Thursday, October 27, 2011



Given that director Lewis Seiler (best known for GUADALCANAL DIARY) worked for many years in B-pictures, it's odd that he directed so little of relevance to metaphenomenal cinema. In any case THE SMILING GHOST, though far from a masterpiece of the "haunted comedy" genre, is still a welcome addition.

One societal aspect that dates the film right away is that even though the slightly-dim hero Lucky Downing(Wayne Morris) is down on his luck jobwise, he still has a black valet in tow, Clarence (Willie Best), who for reasons left unclear hasn't fled for greener pastures. Clarence's loyalty to his employer is even harder to fathom when Lucky is engaged to be engaged; to pose as the fiancee of wealthy Elinor Bentley (Alexis Smith). Elinor is a bride plagued by a series of "done-away-with" grooms (three in all), having been apparently been terminated by a mysterious haunting spectre known as "the Smiling Ghost."

Lucky, somewhat besotted by the gorgeous heiress, takes the job, despite the caustic comments of lady reporter Lil (Brenda Marshall), herself more than a little interested in the handsome doofus. Soon, in addition to negotiating the hostilities or curious habits of Elinor's friends and relatives, Lucky and Clarence do indeed encounter a spectre with a hideous rictus-like grin-- an impressive makeup job, BTW, much better the one that's center-stage for William Castle's MR. SARDONICUS. Eventually it comes out that the Smiling Ghost is actually Elinor's first unfortunate fiancee, who only appeared to die (and was not offed by any ghost, smiling or otherwise). The jealous lover then sought to kill anyone who attempted to cohabit with Elinor, though as matters develop the beautiful Elinor isn't much in the "good character" department.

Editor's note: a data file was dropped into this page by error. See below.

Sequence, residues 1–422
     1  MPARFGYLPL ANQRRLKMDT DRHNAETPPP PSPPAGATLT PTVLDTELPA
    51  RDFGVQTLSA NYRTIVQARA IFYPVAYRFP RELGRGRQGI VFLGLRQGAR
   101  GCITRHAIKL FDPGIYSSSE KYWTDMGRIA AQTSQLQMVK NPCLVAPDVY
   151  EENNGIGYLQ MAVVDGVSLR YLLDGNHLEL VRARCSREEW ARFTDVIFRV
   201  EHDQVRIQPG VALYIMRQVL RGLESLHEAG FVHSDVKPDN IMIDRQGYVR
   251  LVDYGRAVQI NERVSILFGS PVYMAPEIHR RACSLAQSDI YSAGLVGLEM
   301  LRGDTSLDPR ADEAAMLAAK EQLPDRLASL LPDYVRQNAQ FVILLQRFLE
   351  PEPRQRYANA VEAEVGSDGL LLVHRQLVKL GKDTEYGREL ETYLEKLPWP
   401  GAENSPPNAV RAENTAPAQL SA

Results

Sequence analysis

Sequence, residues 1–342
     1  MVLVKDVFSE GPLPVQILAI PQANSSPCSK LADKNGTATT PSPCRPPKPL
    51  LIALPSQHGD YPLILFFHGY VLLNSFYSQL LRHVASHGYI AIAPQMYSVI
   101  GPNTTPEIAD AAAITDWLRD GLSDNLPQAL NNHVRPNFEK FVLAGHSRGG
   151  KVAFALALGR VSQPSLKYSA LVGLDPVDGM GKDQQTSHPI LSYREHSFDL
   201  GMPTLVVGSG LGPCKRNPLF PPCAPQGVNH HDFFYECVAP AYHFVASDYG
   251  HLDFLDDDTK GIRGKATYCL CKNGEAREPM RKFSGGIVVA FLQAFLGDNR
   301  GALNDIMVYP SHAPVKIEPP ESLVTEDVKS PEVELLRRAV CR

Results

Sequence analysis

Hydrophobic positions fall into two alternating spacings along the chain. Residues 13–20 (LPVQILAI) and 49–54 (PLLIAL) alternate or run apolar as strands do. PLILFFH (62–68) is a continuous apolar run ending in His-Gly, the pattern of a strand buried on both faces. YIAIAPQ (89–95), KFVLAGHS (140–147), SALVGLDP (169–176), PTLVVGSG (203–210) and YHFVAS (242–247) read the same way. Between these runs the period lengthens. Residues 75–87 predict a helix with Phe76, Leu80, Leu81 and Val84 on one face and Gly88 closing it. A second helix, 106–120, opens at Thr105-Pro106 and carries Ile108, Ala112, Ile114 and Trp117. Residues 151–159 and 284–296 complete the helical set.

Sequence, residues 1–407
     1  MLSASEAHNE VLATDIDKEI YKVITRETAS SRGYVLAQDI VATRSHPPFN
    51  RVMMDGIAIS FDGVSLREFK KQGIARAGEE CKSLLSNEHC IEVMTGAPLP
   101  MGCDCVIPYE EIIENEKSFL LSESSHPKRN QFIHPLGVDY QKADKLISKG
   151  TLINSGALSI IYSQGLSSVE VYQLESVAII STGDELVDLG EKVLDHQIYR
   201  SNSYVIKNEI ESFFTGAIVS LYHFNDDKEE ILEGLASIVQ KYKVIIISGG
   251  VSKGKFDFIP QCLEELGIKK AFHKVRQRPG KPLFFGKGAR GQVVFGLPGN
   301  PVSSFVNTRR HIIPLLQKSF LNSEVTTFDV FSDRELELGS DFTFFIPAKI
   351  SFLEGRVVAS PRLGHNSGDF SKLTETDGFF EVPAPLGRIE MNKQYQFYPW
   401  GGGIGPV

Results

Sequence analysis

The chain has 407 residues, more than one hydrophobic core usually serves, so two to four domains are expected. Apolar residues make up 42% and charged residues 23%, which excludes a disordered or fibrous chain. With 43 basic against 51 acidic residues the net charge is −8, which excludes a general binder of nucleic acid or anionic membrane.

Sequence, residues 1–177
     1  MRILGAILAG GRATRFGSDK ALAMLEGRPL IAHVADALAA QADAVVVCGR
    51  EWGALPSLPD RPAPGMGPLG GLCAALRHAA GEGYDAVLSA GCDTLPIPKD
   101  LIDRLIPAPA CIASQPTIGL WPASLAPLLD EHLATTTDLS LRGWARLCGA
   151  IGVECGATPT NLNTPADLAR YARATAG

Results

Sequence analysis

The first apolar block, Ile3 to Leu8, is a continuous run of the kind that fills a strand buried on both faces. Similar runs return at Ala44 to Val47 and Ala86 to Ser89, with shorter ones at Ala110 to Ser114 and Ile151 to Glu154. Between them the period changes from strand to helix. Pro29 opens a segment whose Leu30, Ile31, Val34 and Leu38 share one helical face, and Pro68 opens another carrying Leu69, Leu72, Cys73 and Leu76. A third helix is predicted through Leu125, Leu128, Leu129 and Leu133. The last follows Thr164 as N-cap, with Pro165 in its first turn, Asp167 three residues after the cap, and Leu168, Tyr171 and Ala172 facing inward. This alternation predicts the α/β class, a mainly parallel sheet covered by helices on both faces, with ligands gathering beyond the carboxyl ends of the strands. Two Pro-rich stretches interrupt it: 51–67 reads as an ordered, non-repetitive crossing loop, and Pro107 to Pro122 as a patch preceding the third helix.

The most interesting psychological aspect of GHOST is a feminine one, which I term "Pretty vs. Gorgeous." In many romantic comedies, the excessively gorgeous women are often morally suspect in some way, while by contrast their merely pretty rivals are the salt of the earth. Toward the end of the picture Lucky belatedly realizes that he's really in love with pretty Lil rather than the gorgeous temptress Elinor, and makes the right choice (at least for his type of low-comic hero) in line with audience desires. My view that this "virtue vs. vice" choice has become a major U.S. archetypes may be supported by the fact that one can see representative examples that range as far apart in time as Frank Capra's 1931 PLATINUM BLONDE and Rob Reiner's 1985 THE SURE THING.

As expected, Willie Best plays the usual scaredycat black servant, though as it happens the white characters of GHOST aren't much braver in encountering the titular fiend (although support-cast Alan Hale is something of an exception as a tough butler with a "dese dem and doze" accent). In addition, Clarence has to contend with an eccentric old man living at the family mansion who likes to collect heads and suggests that he'd like to add Clarence's to his collection. And to slightly palliate the stereotype, Lucky Downing does treat Clarence more like a friend than a servant, thanks to good on-screen chemistry between Morris and Best. I've always thought the worst aspect of the "scaredycat black" routine appeared whenever it allowed the sensible white lead-hero to assume an air of superiority toward the comic black guy. Lucky, at least, doesn't do that, in contrast, say, to the heroes of KING OF THE ZOMBIES.

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